Saturday, March 28, 2009

Identity and the Peabody Hotel

The Peabody Hotel is pronounced "Pea-body," as opposed to "Pea-buddy." Not like the town of Peabody, Mass. This is a fancy hotel with a big conference center in Little Rock, Arkansas.

Check out this quote printed on a Coke machine on the 4th floor of the hotel, observed 3/28/2009

"The Mississippi Delta begins in the lobby of the Peabody Hotel. If you stand near its fountain in the middle of the lobby... [ultimately] you will see everybody who is anybody in the Delta..." (David Cohn, 1935)
The interesting part is the phrase "everybody who is anybody." In the vernacular, "being somebody" may imply that you are famous, rich, or otherwise important.

If you are "somebody," there might be a biographical wikipedia article about you. This requires a strange, uncertain, and changing qualification process described by Danah Boyd on her blog here. Danah mentions an interesting dependence on mainstream media reports in defining "notableness."

Wyatt Cooper wrote an article in 1971 which points to "uniqueness" as another percieved way to "being somebody":
"We will, generally, embrace any sort of recognition at all that promises to give us some sense, however frail, of our own unique personalities...

" 'I had the worst appendix the doctor has seen in forty years of appendixes,' 'My head was the largest of any baby ever delivered normally at St. Rita’s,' 'My third cousin, once removed, was the first blue-eyed white man west of the Mississippi to die in the electric chair...' "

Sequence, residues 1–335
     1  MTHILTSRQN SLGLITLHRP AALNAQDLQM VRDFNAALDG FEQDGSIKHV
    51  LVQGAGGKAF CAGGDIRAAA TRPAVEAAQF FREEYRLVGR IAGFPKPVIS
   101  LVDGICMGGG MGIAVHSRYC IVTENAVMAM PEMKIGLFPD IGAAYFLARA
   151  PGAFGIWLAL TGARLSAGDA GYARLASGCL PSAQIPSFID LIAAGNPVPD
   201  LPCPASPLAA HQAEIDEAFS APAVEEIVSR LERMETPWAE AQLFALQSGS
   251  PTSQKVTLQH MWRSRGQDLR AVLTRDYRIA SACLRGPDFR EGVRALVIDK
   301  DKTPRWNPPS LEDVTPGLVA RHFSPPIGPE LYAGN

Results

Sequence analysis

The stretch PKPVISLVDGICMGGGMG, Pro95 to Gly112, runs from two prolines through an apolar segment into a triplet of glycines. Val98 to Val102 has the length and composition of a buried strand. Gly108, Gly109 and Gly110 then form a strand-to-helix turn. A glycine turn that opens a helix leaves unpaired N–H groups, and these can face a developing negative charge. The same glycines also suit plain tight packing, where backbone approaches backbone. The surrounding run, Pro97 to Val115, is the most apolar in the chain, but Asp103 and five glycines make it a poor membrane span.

On a more somber note, some writers (such as David P. Levine) describe "poverty" as a "deprivation of identity," a lack which makes creativity impossible. Societies frame our roles, and individuals frame related and competing identities. When we are unable to fill these minimal roles, we are forced into a reactive non-creative existense, decreasing our humanity.

So, I suppose one could attack historian David Cohn's quote by claiming, "I know that many unique and creative people that lived in Mississippi in 1935 never stepped within eyesight of the Peabody Hotel." But David Cohn and his readers may not have agreed with this criteria for being "somebody."

If I'm not "somebody," then what is a "nobody?" Is it even human?

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